General Communication Questions
Specific Technical Questions
What are the Networked Microcontrollers? What makes them unique?
Network microcontrollers allow designers to quickly and easily add Ethernet/Internet connectivity to their embedded systems. In addition to a 10/100 Ethernet MAC, the microcontroller has three serial ports, a controller area network (CAN) 2.0B controller, and 1-Wire Master networking capabilities. To enable access to the network, a full application-accessible TCP IPv4/6 network stack and operating system are provided in ROM. The network stack supports up to 32 simultaneous TCP connections and can transfer up to 5Mbps through the Ethernet MAC.
- 4-clock cycle 8051 core
- 16MB program memory + 16MB data memory contiguous addressing
- 10/100 Base-T Ethernet MAC
- Operation up to 75MHz (instruction cycle time of 54ns)
- Low power modes
- 3 serial ports
- 4 automatic increment/decrement data pointers
- 24 general-purpose I/O pins
- 16/32-bit hardware math accelerator
- 1-Wire Master
- 64kB ROM
- Full TCP/IPv4/v6 network stack
- Memory manager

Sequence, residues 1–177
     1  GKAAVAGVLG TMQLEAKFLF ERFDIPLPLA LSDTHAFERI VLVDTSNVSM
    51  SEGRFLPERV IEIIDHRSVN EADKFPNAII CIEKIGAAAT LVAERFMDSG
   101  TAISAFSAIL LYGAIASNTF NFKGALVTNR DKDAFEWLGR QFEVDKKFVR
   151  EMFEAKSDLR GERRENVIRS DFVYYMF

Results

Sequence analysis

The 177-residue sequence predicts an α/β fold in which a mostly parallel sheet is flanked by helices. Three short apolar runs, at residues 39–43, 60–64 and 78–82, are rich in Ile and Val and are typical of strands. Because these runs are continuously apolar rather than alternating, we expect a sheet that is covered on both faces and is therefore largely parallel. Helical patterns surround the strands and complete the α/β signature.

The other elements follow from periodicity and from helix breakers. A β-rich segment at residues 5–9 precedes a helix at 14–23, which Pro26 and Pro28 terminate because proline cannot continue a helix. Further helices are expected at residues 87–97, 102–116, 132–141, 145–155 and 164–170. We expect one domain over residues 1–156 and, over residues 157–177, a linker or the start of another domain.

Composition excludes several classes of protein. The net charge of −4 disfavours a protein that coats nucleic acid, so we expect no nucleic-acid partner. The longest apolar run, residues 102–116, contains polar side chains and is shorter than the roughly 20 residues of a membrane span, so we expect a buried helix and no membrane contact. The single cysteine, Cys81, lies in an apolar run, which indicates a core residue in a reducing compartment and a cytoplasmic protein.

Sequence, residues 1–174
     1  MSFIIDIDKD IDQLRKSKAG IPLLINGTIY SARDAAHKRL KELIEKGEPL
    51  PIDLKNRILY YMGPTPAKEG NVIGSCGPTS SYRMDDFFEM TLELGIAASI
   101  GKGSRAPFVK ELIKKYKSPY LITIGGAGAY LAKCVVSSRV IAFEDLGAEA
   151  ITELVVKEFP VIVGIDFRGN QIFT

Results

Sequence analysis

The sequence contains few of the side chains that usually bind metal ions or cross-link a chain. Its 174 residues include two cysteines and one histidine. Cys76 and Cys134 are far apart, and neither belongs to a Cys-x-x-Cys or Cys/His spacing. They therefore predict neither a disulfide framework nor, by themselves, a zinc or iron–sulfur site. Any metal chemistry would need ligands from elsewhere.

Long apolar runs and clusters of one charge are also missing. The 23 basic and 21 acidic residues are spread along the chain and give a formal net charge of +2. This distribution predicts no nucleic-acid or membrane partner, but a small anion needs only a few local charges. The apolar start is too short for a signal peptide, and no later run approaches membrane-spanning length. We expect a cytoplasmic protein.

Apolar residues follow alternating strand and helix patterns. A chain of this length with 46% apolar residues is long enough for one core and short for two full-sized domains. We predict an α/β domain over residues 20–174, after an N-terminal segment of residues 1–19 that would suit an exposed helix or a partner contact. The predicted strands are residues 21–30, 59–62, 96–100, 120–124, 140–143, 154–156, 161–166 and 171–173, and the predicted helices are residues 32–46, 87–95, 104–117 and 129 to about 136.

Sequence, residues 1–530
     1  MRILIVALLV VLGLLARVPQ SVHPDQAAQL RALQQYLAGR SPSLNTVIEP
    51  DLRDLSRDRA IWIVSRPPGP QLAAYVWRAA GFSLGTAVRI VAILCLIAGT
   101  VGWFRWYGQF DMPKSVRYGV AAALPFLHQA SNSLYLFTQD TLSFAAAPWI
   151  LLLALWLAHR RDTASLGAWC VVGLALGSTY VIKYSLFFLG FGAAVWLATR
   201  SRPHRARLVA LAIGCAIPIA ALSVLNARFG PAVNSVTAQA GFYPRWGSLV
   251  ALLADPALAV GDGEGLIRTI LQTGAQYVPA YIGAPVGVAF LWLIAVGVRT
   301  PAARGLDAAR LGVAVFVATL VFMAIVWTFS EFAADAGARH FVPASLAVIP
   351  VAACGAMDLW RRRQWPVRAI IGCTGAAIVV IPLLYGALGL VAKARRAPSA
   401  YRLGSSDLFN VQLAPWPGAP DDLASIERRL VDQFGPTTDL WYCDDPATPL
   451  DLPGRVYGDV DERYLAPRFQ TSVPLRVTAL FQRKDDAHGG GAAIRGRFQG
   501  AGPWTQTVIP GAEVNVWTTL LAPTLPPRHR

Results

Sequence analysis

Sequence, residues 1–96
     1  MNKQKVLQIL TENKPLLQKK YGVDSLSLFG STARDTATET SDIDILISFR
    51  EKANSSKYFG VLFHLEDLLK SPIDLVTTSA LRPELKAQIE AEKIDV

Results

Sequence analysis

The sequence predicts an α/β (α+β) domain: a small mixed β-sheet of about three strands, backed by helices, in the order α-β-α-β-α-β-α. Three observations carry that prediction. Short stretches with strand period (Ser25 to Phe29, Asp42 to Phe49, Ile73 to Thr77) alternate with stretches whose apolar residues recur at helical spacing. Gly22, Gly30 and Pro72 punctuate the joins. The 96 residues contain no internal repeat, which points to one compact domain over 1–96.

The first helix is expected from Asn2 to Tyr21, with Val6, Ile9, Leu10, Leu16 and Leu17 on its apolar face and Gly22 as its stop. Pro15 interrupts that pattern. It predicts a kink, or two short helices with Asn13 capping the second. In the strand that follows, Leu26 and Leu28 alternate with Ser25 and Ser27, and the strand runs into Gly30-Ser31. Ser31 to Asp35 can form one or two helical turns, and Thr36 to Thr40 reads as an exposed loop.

- Multitasking operating system
- Automatic network boot
The DS80C410 is a variant of the DS80C400 with a maximum clock rate of 75MHz and 64kB internal SRAM. The DS80C411 is a variant of the DS80C400 with a maximum clock rate of 75MHz and 64kB internal SRAM but with the CAN module removed.
What is MxTNI?
The Maxim Tiny Network Interface (MxTNI), more properly referred to as the MxTNI Runtime Environment, is a Java runtime environment for developing network-aware applications for Maxim IP-ready microcontrollers such as the DS80C400. As IP networks such have become more pervasive, it is now necessary to network-enable embedded systems. However, network protocols tend to be complicated to code and require a lengthy test cycle. The runtime environment provides a full TCP IPv4/6 protocol stack verified for compliance to Internet standards. The network stack is driven by a multitasking operating system (MxTNI-OS). Using the runtime environment and its built-in APIs, a developer can quickly write embedded applications that are network-aware. Currently supported network protocols include:
How do they interface to the Internet?
An internal 10/100 Base-T Ethernet media-access control (MAC) module is the data interface between the microprocessor and the Ethernet. It converts files or data into packets that conform to the data standards for Ethernet traffic.
Physical Connection to the Internet via a physical layer interface (PHY). It converts the 0V to 3V signals of the microprocessor to the 0V for the high value and -2.05V for the low value. The PHY is composed of an integrated circuit, transformer, and associated support circuitry. A jack connects the system to a standard Cat 5E cable, which in turn plugs into an Ethernet wall jack.
What is the network stack?